(From left to right) Jan Widerström, Country Head and Chairman, Saab India Technologies; Hakan Buskhe, CEO and President, Saab; Gautam Adani, Chairman Adani Group; Ashish Rajvanshi, Head, Defense & Aerospace, Adani Group
New Delhi. Swedish Saab has literally offered a sweet dish to India, saying it will share the best of its aerospace technologies for the Indian Air Force (IAF) and give it full controls like the vital source codes on aircraft equipment and components so that IAF can play with them for modification to its requirements now and in the coming decades.
Pitching to sell the latest variant of its combat jet, Gripen E, Saab CEO and President Hakan Buskhe announced his company’s partnership with India’s Adani Group to Make the aircraft in India, observing: “ We are committed to the India-Sweden relationship and in bringing the latest technology and skills to India.”
Asked specifically about the source codes by India Strategic, Mr Bukhse indicated that the Swedes would give unfettered control over technologies to India, and hopefully meet whatever demands the Ministry of Defence (MoD) makes with regard to technologies.
The Saab Chairman addressed newsmen September 1 along with Adani Group Chairman Gautam Adani, pointing out that Saab had finalized this partnership as the “Adani group is one of India’s largest conglomerates … with a long history of entrepreneurship spanning through decades of dynamic growth.”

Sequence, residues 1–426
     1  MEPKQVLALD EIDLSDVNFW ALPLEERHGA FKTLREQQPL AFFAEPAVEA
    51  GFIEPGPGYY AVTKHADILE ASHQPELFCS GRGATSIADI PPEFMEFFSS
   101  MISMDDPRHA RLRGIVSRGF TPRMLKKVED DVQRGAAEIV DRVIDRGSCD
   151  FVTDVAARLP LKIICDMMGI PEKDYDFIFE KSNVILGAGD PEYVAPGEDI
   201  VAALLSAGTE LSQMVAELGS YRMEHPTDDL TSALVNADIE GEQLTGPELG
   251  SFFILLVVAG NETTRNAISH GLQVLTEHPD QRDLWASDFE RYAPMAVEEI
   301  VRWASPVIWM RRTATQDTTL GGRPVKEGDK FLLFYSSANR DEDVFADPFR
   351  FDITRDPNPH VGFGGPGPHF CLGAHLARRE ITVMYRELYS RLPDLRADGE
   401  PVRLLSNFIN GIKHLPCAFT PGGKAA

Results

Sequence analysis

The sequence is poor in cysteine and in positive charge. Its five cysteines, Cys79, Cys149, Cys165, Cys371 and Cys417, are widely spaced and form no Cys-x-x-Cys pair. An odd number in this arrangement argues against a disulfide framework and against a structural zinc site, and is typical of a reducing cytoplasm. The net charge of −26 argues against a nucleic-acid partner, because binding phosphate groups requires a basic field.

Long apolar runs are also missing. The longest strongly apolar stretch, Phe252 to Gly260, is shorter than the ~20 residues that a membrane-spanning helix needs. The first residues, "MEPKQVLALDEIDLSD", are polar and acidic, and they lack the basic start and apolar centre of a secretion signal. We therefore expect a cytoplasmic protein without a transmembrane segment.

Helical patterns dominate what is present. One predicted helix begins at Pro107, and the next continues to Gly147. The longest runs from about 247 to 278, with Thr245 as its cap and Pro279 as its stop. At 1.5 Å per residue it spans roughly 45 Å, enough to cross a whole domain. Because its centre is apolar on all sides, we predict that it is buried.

“We are committed to the India-Sweden relationship and in bringing the latest technology and skills to India,” Mr Buskhe said adding: “Our plans in India are to create a new defence eco-system that would involve many partners, vendors and suppliers. To achieve this, we need a strong Indian partner who can help create the framework for the infrastructure and eco-system to come into place.”
Mr Adani said, “We are proud of our enduring relationship with Saab and look forward to partnering in major projects such as Gripen. Our various collaborations in aerospace and defence sectors will help establish new production lines in India, generate employment and build sustainable skills.”
He expressed confidence that his rich team of engineers and professionals, engaged in oil, infrastructure and other projects, would do well in defence industrial infrastructure also, and meet any specifications and timelines set by the Government for manufacturing the aircraft. The Group has several global partnerships already and employs 50,000 people.
MoD is looking for a single engine fighter to be produced in India, and the two companies in competition are the US Lockheed Martin and Sweden’s Saab. One of them will be picked up under the Strategic Partnership model with an Indian company to produce a minimum of about 100 but over the years some 300 to 400 or more Medium Multi Role Combat Aircraft (MMRCA) with periodic upgrades both for the Indian market.
Mr Ashish Rajvanshi, Head, Defence & Aerospace, Adani Group, said that the Group was firmly placed in expanding in the defence industrial sector. It is not just an opportunity for the industry but the need of the country which has to induct new and futuristic technologies towards self reliance.
Source Codes to a system are important, so that IAF and Indian engineers can integrate its own private algorithms in onboard computers and maintain its exclusive maintenance and operational control over the aircraft.
Sweden’s new envoy to India, Ambassador Klas Molin, who arrived only that day in the morning from his previous posting in Thailand, graced the occasion but declined to make any comment.